TOKYO (Reuters) - Large Japanese manufacturers turned more optimistic about economic conditions in the fourth quarter but they lowered their capital expenditure plans for the current fiscal year, suggesting firms remain wary over future business conditions.
Large manufacturers said they expect sentiment to worsen slightly in January-March, offering additional evidence that companies see some risks to the economy.
The survey, which was taken a week after Donald Trump’s U.S. presidential election victory, follows a large downward revision to gross domestic product data in the third quarter.
The revision was due to a fall in capital expenditure and lower inventories, raising concerns about corporate vitality.
“The survey reflects some uncertainty about Trump’s policies,” said Daiju Aoki, economist at UBS Securities.
“Companies are also sceptical about the rapid decline in the yen. They don’t expect the yen to remain weak and don’t think the benefits will last long.”
The joint survey by the Ministry of Finance and the Economic and Social Research Institute, an arm of the Cabinet Office, recorded a business survey index (BSI) of sentiment among large manufacturers at plus 7.5 in October-December from plus 2.9 in July-September.
Large manufacturers expect their sentiment index to worsen to plus 4.6 in January-March, the survey published on Friday showed.
Japanese companies plan to raise capital expenditure by 2.5 percent in the fiscal year that started in April, down from their previous projection of a 4.9 percent increase.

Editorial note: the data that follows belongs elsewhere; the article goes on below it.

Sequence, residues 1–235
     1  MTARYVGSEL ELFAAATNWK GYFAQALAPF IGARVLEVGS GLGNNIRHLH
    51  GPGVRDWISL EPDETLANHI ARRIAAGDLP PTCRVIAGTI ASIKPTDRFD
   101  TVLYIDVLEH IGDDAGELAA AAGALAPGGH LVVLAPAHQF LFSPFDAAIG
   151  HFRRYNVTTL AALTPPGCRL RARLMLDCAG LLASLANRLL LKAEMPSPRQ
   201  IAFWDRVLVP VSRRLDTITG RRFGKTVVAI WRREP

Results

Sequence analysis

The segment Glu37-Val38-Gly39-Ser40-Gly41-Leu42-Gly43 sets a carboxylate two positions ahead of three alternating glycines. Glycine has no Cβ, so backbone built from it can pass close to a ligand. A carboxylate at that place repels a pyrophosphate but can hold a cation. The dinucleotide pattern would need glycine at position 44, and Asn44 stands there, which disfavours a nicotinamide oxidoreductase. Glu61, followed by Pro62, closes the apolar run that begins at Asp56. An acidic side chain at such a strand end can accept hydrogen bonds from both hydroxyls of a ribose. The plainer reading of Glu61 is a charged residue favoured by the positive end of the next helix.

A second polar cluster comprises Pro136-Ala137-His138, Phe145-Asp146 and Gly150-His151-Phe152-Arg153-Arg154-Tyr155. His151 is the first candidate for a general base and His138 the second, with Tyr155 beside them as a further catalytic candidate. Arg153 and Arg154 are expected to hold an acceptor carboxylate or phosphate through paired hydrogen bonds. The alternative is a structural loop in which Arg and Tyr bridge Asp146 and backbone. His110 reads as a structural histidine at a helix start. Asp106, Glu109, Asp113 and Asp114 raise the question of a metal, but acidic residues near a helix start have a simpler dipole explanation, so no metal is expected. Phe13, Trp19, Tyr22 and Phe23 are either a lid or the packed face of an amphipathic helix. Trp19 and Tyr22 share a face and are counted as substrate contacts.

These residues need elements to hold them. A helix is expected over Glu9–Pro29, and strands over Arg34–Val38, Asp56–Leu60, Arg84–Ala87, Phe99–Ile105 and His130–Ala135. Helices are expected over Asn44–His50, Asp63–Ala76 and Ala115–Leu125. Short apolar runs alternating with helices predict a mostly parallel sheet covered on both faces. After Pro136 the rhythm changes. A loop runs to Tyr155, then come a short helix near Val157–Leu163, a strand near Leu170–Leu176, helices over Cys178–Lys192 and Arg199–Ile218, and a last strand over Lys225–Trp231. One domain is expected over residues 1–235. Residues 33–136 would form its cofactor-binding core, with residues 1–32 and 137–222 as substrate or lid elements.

While campaigning, Trump regularly suggested he would enact protectionist trade polices, which could potentially harm Japan’s export-dependent economy.
Since winning the presidency, Trump has softened his tone on some issues, but there is still a lot of uncertainty about how he will run the government given his free-wheeling style and lack of political experience, economists say.
The yen skidded to an eight-month low versus the dollar after Trump’s election win.
Normally, Japanese exporters would welcome a weak currency because it boosts overseas revenues, but the BSI survey suggests companies think the yen could easily reverse course.
If there is increased volatility in currencies, this could make it difficult for companies to draw up capital expenditure plans, Aoki also said.
The BSI measures the percentage of firms that expect the business environment to improve from the previous quarter minus the percentage that expect it to worsen.
Japan’s economy grew much more slowly in the third quarter than initially estimated, revised data showed, as capital expenditure dried up and companies ran down inventories.
Reporting by Stanley White; Editing by Eric Meijer & Shri Navaratnam